From From humble beginnings, such as a fridge that updates your shopping list, a strange array of responsive robotic companions have evolved. Many of us are already in relationships with our technologies - often highly fraught ones. Affectionate robot pets have been creeping into our homes (and our hearts) for a while now.
We name our roombas, and there's research into teaching them to avoid you when you're stressed - but is programming it to nuzzle you taking things a step too far? And why are there now robotic human body-parts that can detect and respond to the intention behind a physical stimulus?
From creations that will improve our experience of films to video games controlled by our physiological arousal, there are many fun applications for this science. More importantly, these devices have found a range of therapeutic uses. By visually representing physiological fluctuations, they help encourage personality disorder patients to practice mindfulness meditation. Children with autism spectrum disorders shy away from eye contact. So, robots are being developed to help assist these children in interpreting facial expression without the need for uncomfortable sessions with a therapist. Games can teach us to focus and concentrate. Biofeedback is opening up new ways to monitor and adjust our bodies and emotional states.
In an increasingly stressful environment, society is turning to technology to cure the ill-effects of over-stimulation, and even getting their pets involved. Your level of emotional arousal can be read through a webcam by marketers as you browse online, and they are increasingly specialising in tailoring products to play on that arousal. Robot teachers can track students' engagement, adapting to this dynamic environment. Employers are monitoring their workers' concentration. Self-hacking is on the rise. The same metrics useful for fitness tracking are tightly connected to emotion. These are life-changing devices, but is it time to consider how to regulate the development and use of machines that are gathering an expanding gamut of personal information about us? Are there implications that we are yet to consider, for example when we allow elderly people to believe that the robot seal they play with is actually a living animal?
While light-hearted innovation may give some of our most infuriating digital companions a much-needed 'personality transplant', do we really want devices that can discern our intentions from vocal and gestural cues? How do we regulate lie-detectors that have the potential to make mind-reading a part of the legal system? Would a robot that pours you a beer facilitate a sedentary and isolated lifestyle in those suffering from alcoholism? What about a camera that only takes a photo when it detects a smile? Great! But how would you respond when your fridge, in an attempt to improve your quality of life, refused to open until you gave it a cheesy grin? We have been extending ourselves into a shared virtual space for a long time now, where distance is no obstacle to relationships. Letters, phones and skype calls have brought our loved ones ever-closer with increasing emotional enrichment, from text and emoticons to sound and vision. New products add heartbeat and warmth to the sensory arsenal with which we attempt to fight off loneliness and a sense of disconnection. But do we want our clothes to tell everyone around us how we're feeling or try to cheer us up when we're down, and who can harvest the information that these devices collect?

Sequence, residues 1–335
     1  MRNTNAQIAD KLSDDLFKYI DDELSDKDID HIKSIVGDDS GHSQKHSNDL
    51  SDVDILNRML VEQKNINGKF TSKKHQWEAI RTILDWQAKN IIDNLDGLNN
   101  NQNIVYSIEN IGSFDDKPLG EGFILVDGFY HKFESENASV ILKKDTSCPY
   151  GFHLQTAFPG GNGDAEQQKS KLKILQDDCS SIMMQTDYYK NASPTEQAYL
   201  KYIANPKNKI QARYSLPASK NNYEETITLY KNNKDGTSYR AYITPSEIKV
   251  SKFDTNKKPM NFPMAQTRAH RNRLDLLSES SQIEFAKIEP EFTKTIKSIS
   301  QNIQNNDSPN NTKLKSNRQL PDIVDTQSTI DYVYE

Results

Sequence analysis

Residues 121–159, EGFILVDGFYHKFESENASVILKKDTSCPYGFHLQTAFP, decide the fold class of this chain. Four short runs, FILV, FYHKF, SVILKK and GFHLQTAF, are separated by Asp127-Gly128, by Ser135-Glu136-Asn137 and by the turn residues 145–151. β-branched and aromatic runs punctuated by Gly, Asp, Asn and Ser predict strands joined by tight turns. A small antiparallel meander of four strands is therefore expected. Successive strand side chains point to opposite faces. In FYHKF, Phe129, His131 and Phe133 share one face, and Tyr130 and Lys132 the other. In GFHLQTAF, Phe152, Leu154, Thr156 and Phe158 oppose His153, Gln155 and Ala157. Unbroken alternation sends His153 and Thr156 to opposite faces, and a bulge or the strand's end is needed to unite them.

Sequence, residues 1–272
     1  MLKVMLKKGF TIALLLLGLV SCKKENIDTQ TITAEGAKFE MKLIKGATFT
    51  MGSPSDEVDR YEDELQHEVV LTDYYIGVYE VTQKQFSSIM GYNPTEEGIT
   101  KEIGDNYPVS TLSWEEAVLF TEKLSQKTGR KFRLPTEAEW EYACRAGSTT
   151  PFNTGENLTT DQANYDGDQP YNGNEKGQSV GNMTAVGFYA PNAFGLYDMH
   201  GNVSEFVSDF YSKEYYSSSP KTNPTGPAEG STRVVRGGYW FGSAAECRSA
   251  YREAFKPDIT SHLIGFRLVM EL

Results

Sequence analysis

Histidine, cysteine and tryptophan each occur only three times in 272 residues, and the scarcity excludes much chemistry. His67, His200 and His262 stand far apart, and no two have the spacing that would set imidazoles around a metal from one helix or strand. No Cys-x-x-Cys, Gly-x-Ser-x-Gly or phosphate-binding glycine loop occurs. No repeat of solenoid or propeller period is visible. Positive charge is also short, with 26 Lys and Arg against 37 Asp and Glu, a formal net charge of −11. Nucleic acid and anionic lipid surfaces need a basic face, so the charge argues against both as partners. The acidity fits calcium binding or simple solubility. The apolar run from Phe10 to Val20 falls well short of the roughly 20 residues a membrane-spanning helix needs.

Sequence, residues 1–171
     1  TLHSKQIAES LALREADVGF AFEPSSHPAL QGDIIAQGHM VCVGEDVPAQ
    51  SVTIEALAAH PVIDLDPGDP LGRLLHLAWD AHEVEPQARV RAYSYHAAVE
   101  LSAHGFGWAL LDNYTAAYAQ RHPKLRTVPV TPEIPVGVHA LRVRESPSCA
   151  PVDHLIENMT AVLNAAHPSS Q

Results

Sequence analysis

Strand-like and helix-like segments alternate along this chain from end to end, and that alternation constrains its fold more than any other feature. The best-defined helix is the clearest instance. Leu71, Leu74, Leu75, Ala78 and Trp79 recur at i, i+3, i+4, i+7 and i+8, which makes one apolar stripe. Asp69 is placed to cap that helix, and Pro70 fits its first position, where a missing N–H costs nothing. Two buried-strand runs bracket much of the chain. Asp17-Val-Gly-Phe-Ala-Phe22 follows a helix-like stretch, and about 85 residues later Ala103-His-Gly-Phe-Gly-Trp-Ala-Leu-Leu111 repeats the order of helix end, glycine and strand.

As emotive technologies invade our belongings, buildings, and infrastructure, how will our relationships to things and others evolve? An online project that visualises the diversity of feelings expressed in personal blogs also demonstrates the volume of information that can be automatically mined from the same source (e.g., name, age, location, weather and nationality). New metrics for comparison are arising - a community may now be judged on its emotion map, as well as crime and employment rates. Devices to watch and feel shoppers' reactions as they move from indecision to decision will be used to influence our deliberation over products. Employers can create a 'weather-map' of their office's emotional atmosphere.
Online teaching systems that are emotionally aware have demonstrated superiority over conventional systems. It isn't just robots that are becoming responsive to the subtleties of our emotions; it is marketers, employers and even complete strangers. As developers march forward, it is time to think about how to achieve the balance that will allow society to maintain its privacy as well as continuing to nurture valuable personal interactions, while using technology to tackle the major obstacles we face. With the demographic constitution of many nations becoming increasingly dominated by older generations, robot nurses may become instrumental as care-givers. But if we are trading away our privacy for intuitive pieces of hardware, perhaps we should insist that they do more than give us a good hug in return.